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"WE'RE HERE FOR EACH OTHER"

How to talk to employees when a public loss feels personal

Anthony Bourdain at SXSW in 2016
Invision/AP/Rich Fury
Real Tony.
  • Lila MacLellan
By Lila MacLellan

Quartz at Work senior reporter

Published Last updated This article is more than 2 years old.

The news of Anthony Bourdain’s death was shocking and distressing to millions of people today (June 8), whether they work in industries where he made his mark, including food, media, and travel, or are just casual fans of his cookbooks and television shows.

Indeed, you didn’t need to have a personal connection to Bourdain to recognize how much his talent and style—his extreme authenticity, iconoclastic rejection of class distinctions, and worldliness—may have influenced your own view of your work and culture.

When a suicide hits close to home, there are specific “postvention” protocols, involving professional counselors, that are considered best practice for any organization, including an employer, looking to support someone in distress. But when the loss is more diffuse and ambiguous, a simple note of recognition and invitation to talk further—staying mindful of the guidelines about talking about suicide safely—may be all that’s needed to strike the right note.

In response to the news about Bourdain, Quartz’s lifestyle editor, Indrani Sen, wrote a message to our newsroom staff on the app we use for office communication:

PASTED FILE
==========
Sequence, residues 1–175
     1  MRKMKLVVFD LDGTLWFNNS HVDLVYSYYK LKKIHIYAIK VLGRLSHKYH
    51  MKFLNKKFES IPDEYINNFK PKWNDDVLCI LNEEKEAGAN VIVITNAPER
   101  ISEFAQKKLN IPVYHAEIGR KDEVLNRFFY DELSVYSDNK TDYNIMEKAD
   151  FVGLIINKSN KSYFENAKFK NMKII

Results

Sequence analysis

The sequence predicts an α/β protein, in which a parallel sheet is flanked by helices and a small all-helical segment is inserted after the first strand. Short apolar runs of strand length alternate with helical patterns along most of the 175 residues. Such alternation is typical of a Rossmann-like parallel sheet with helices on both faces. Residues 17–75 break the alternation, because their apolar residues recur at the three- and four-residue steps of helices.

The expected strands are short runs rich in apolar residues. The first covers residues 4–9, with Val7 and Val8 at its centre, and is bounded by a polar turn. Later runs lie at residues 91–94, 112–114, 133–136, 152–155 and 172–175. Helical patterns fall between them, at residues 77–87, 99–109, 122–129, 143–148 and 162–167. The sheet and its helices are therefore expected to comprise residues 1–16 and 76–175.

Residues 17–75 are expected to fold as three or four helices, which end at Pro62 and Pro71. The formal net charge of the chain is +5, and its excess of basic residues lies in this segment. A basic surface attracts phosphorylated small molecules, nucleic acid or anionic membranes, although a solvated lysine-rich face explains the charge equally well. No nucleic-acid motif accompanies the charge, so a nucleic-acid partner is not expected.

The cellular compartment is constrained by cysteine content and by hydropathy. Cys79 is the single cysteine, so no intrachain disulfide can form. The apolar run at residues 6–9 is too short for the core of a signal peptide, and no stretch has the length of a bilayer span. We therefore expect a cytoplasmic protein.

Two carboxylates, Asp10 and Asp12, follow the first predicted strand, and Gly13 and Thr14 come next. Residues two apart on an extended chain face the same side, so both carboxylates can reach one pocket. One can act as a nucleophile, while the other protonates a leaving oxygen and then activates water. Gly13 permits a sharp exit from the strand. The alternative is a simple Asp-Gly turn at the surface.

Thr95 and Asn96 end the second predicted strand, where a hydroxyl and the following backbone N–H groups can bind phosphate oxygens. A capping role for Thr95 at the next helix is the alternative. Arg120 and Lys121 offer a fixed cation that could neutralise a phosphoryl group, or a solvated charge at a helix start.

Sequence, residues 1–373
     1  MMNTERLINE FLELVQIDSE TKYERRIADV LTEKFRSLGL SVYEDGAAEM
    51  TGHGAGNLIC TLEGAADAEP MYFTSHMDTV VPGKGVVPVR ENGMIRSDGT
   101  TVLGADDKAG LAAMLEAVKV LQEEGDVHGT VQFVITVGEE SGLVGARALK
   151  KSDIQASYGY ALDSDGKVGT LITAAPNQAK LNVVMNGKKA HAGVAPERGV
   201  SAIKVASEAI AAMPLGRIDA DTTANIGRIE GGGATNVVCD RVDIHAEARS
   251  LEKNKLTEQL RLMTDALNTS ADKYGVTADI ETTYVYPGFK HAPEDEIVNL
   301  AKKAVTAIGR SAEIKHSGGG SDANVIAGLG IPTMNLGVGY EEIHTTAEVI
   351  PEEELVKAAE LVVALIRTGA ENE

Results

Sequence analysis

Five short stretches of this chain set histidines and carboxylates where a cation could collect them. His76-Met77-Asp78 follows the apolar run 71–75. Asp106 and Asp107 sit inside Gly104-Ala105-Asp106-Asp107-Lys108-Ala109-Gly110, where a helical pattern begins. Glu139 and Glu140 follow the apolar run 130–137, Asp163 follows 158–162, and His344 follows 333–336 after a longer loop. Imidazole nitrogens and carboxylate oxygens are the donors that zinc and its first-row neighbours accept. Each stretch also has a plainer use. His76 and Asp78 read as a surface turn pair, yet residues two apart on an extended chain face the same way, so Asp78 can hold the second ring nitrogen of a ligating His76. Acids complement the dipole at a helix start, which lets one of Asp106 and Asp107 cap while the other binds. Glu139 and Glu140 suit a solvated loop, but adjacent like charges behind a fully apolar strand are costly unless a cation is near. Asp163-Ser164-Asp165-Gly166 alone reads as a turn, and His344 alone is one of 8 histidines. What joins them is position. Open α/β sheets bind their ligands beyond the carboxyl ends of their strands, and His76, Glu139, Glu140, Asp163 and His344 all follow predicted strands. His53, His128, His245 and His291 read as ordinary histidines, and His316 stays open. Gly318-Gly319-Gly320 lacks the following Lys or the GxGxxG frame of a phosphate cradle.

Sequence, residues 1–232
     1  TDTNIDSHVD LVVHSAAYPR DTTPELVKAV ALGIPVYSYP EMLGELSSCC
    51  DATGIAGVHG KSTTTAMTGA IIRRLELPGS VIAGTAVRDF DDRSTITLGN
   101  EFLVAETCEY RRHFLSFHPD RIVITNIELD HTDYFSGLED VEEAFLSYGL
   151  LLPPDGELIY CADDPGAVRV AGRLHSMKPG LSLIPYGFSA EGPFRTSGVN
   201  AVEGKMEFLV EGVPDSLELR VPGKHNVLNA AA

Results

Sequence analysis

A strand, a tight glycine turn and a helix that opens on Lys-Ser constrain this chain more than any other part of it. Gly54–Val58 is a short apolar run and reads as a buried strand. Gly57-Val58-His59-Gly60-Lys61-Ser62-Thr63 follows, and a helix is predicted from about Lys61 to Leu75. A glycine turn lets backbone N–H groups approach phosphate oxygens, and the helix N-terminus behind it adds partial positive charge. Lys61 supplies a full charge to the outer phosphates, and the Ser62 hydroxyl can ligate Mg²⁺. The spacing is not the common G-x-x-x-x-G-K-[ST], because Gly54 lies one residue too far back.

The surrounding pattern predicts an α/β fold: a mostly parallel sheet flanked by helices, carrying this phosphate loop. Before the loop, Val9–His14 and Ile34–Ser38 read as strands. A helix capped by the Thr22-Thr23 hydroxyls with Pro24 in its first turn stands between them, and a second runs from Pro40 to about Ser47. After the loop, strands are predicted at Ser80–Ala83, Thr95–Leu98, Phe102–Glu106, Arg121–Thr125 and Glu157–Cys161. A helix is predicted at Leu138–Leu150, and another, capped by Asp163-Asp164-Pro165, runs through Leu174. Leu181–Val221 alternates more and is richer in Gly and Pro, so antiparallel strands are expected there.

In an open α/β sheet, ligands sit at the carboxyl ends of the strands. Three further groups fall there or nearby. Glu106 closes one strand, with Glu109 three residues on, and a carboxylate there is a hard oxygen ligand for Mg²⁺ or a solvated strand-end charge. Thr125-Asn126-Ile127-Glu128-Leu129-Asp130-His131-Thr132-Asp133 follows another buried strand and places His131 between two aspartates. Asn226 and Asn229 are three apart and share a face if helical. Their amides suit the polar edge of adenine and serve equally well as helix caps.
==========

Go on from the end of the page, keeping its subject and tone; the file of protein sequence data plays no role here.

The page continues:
“Between this and Kate Spade, figures who we admire, who die in this way—we just want to acknowledge that this can all be very upsetting. If anyone wants to talk, please reach out to me, your editor, your colleagues. We’re all here for each other.”

It’s an instructive reaction: just the right, short message, to let each of us know we are not alone if we are having a strong emotional response to a public loss.

Employers are increasingly recognizing the role they play in supporting employees’ emotional wellbeing, whether with a reassuring memo or by providing mindfulness training. After all, there’s a good chance we will be at work when something devastating happens in the wider world—or need to show up at the office the next morning, when we still haven’t processed our feelings about an event.

It’s always good practice to let employees know that their feelings have a place at work, and to make sure their managers are available for them if they need to speak. In these ways, a leader can make work a place of refuge, without jeopardizing business goals, whereas ignoring your employees’ emotional wellbeing may be damaging to the company.

And if you’re concerned about an employee who shows signs of being suicidal, seek expert advice on organizational responses that are deemed respectful and potentially life-saving.

The National Suicide Prevention Lifeline can be contacted at 1-800-273-8255 in the US. Here is a list of crisis lines around the world and advice for discussing suicide safely.

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